Pension Sustainability: Wyoming

Retaining Effective Teachers Policy


The state should ensure that excessive resources are not committed to funding teachers' pension systems.

Nearly meets goal
Suggested Citation:
National Council on Teacher Quality. (2011). Pension Sustainability: Wyoming results. State Teacher Policy Database. [Data set].
Retrieved from:

Analysis of Wyoming's policies

As of January 1, 2010, the most recent date for which an actuarial valuation is available, Wyoming's pension system for teachers is 87.5 percent funded and has an amortization period of over 30 years. This means that if the plan earns its assumed rate of return and maintains current contribution rates, it would take the state over 30 years to pay off its unfunded liabilities. While its funding ratio meets the recommended minimum standard, the state's system is not financially sustainable according to actuarial benchmarks.

Wyoming does not commit excessive resources toward its teachers' retirement system. The mandatory employee contribution rate to the defined benefit plan is 7 percent, and the current employer contribution rate is 7.12 percent. These rates are set by statute. Both of these rates are reasonable; however, they are close to excessive considering that teachers and local districts are also contributing to Social Security.


Recommendations for Wyoming

Ensure that the pension system is financially sustainable.
The state would be better off if its system had an amortization period of 30 years or less to allow more protection during financial downturns.

State response to our analysis

Wyoming recognized the factual accuracy of this analysis.

Research rationale

NCTQ's analysis of the financial sustainability of state pension system is based on actuarial benchmarks promulgated by government and private accounting standards boards. For more information see U.S. Government Accountability Office, 2007, 30 and Government Accounting Standards Board Statement No. 25.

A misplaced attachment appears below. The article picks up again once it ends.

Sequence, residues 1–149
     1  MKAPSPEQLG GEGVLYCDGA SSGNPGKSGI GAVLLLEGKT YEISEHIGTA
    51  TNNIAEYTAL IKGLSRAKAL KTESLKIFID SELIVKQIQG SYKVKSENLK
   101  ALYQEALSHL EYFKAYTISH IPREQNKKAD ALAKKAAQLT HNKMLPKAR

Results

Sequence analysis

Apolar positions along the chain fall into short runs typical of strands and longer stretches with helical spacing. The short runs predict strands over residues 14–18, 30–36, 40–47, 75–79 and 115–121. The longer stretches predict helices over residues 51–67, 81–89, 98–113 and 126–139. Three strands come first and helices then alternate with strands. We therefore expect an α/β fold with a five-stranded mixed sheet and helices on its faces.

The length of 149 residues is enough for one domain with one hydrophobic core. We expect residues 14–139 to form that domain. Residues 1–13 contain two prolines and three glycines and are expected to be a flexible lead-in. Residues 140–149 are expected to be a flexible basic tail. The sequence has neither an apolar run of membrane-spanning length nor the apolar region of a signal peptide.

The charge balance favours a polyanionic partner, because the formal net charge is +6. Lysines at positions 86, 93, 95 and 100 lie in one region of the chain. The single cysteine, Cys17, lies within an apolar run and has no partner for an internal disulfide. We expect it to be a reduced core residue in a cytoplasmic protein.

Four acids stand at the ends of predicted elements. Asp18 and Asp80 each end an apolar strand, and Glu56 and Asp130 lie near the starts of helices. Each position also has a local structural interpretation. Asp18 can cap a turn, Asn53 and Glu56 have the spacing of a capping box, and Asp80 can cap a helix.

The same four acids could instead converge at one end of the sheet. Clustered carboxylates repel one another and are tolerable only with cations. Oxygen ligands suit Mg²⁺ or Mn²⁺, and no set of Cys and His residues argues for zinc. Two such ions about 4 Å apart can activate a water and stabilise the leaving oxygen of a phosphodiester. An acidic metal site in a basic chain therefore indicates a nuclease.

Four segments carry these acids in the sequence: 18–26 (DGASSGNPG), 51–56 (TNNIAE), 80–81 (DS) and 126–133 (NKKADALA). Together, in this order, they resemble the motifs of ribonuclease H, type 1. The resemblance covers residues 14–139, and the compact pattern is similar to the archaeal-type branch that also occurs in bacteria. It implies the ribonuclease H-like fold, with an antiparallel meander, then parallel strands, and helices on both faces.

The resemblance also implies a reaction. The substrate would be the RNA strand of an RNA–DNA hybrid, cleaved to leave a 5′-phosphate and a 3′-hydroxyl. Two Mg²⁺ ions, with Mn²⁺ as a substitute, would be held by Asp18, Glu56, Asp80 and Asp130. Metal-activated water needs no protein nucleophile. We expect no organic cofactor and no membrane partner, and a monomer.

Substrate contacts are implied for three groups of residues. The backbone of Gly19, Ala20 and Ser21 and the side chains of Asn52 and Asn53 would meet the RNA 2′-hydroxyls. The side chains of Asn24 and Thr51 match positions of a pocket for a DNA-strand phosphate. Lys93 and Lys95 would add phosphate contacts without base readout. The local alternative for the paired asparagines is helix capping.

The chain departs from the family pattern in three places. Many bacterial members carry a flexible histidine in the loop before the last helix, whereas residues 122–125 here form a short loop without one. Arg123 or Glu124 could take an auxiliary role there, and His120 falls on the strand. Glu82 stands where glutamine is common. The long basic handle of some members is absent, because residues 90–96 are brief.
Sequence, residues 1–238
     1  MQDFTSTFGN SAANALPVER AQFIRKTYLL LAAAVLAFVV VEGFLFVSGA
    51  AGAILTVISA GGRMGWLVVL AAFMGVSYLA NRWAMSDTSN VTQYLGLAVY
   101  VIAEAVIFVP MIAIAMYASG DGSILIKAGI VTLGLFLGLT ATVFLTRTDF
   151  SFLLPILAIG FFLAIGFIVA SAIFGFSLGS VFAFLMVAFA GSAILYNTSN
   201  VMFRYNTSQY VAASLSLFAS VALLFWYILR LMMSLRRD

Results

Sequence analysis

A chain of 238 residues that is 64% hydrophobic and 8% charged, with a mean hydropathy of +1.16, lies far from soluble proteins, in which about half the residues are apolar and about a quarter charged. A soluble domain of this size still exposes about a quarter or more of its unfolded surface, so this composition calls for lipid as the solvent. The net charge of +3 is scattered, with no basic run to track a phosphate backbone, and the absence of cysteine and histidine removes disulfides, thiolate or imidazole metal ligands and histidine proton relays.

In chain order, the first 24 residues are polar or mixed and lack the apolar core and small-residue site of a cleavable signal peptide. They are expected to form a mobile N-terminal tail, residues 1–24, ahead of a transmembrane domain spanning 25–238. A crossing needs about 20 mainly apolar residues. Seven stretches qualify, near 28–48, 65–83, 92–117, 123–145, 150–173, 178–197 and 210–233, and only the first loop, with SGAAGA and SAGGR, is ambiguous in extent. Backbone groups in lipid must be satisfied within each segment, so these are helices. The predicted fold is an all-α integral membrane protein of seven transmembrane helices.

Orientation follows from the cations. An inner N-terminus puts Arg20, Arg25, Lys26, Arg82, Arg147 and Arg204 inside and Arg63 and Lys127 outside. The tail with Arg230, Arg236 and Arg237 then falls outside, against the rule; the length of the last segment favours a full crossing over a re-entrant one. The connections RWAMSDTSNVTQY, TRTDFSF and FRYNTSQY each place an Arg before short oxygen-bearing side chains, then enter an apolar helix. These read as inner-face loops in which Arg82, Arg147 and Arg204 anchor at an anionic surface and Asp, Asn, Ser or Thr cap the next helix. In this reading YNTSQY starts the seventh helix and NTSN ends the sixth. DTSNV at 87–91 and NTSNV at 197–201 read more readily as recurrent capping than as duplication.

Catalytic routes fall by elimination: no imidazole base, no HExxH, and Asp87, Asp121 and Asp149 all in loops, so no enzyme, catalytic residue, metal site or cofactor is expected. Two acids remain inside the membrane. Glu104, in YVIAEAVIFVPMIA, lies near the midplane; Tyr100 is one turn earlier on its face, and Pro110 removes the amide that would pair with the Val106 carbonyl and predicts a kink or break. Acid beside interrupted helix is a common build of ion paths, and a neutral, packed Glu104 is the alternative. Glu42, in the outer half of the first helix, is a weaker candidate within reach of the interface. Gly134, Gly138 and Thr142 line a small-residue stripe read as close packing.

For an overview of the current state of teacher pensions, the various incentives they create, and suggested solutions, see Robert Costrell and Michael Podgursky. "Reforming K-12 Educator Pensions: A Labor Market Perspective." TIAA-CREF Institute (2011).

For evidence that retirement incentives do have a statistically significant effect on retirement decisions, see Joshua Furgeson, Robert P. Strauss, and William B. Vogt. "The Effects of Defined Benefit Pension Incentives and Working Conditions on Teacher Retirement Decisions", Education Finance and Policy (Summer, 2006).

For examples of how teacher pension systems inhibit teacher mobility, see Robert Costrell and Michael Podgursky, "Golden Handcuffs," Education Next, (Winter, 2010).

For additional information on state pension systems, see Susanna Loeb, and Luke Miller. "State Teacher Policies: What Are They, What Are Their Effects, and What Are Their Implications for School Finance?" Stanford University: Institute for Research on Education Policy and Practice (2006); and Janet Hansen, "Teacher Pensions: A Background Paper", published through the Committee for Economic Development (May, 2008).

For further evidence supporting NCTQ's teacher pension standards, see "Public Employees' Retirement System of the State of Nevada: Analysis and Comparison of Defined Benefit and Defined Contribution Retirement Plans." The Segal Group (2010).